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Families of Murder Victims Defend Racial Justice Act

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 By Stephanie Carroll CarsonContact
April 19, 2011

RALEIGH, N.C. - They may be unlikely allies, but families of murder victims are working to protect the rights of inmates in North Carolina through the Racial Justice Act (RJA). It's the state law that allows inmates and defendants to challenge their death sentences if they can prove that race was a factor. Some legislators have proposed changes that would weaken the law.

Jean Parks' sister was murdered more than 30 years ago. She joins other family members meeting with lawmakers today to defend the RJA.

"If an injustice is committed in the process of trying to find justice for our loved ones, then it doesn't feel like true justice."

If an inmate does prove that racial bias was a factor in his or her sentence, it can be commuted to life in prison, but without the possibility of parole, and no inmate could be released under the law. The RJA was originally motivated by extensive evidence that race has played a role in the sentencing of North Carolina inmates.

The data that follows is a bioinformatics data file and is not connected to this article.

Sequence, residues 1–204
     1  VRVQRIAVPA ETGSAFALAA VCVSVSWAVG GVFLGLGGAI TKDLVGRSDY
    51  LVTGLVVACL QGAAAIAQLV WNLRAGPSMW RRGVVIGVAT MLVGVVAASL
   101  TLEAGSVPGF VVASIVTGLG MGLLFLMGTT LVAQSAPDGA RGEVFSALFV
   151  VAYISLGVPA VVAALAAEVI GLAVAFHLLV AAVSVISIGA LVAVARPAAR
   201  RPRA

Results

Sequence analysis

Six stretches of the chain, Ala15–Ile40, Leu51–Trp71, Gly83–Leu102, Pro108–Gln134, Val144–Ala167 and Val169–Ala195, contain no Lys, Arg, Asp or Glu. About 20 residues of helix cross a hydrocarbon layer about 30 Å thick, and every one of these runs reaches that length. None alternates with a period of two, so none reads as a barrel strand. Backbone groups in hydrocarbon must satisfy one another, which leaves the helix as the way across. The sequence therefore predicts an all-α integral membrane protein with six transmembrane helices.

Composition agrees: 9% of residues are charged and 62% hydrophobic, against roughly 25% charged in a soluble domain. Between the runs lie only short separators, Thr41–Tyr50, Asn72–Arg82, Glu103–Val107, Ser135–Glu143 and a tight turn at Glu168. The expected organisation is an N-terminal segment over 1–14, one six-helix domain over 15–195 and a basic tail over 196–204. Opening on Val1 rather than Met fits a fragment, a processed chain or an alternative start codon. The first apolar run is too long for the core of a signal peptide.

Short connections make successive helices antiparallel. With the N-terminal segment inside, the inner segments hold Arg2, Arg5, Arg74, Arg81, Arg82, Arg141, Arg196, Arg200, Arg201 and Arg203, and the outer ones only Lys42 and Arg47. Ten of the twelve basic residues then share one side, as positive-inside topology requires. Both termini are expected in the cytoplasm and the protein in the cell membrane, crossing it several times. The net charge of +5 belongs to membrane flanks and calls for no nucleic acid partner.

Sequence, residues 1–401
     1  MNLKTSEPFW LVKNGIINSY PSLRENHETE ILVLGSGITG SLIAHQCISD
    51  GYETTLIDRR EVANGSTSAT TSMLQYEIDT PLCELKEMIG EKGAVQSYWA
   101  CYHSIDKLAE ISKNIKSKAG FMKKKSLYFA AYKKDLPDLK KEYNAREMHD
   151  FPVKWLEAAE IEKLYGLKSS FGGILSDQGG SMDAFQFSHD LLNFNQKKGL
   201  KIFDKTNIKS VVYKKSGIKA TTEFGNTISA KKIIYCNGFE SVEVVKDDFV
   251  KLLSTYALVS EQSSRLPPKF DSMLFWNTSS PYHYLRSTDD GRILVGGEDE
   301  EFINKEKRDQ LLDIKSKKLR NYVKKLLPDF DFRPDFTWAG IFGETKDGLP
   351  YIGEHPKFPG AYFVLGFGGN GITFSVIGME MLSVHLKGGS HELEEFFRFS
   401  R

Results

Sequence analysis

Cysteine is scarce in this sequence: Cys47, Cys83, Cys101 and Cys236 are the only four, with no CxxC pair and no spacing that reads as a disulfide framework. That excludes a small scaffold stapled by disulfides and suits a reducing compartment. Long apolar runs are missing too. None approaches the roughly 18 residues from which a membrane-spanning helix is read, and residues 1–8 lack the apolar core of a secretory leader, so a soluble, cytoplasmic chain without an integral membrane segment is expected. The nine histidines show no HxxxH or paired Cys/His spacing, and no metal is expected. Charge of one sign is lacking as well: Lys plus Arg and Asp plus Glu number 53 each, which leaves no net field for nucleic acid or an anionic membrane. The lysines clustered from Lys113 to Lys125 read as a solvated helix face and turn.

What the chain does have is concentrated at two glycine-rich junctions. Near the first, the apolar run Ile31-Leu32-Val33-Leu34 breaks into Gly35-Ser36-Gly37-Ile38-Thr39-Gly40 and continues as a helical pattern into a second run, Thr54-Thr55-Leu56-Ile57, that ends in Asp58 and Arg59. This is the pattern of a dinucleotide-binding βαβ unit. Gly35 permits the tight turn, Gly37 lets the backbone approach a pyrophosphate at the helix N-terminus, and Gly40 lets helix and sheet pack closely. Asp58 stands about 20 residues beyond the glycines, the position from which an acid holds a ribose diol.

Scott Bass is the North Carolina coordinator for the organization Murder Victims' Families for Reconciliation.

"They don't want just anyone held accountable for a crime. They don't want someone to receive a harsh sentence due to racial bias. They want the appropriate person held accountable, in the appropriate way. "

Opponents of the RJA predict it will clog the court system with racial bias claims.

A recent study by the University of Michigan found that more than 40 percent of the defendants on death row in North Carolina had been sentenced by juries that were either all-white or included only one person of color.

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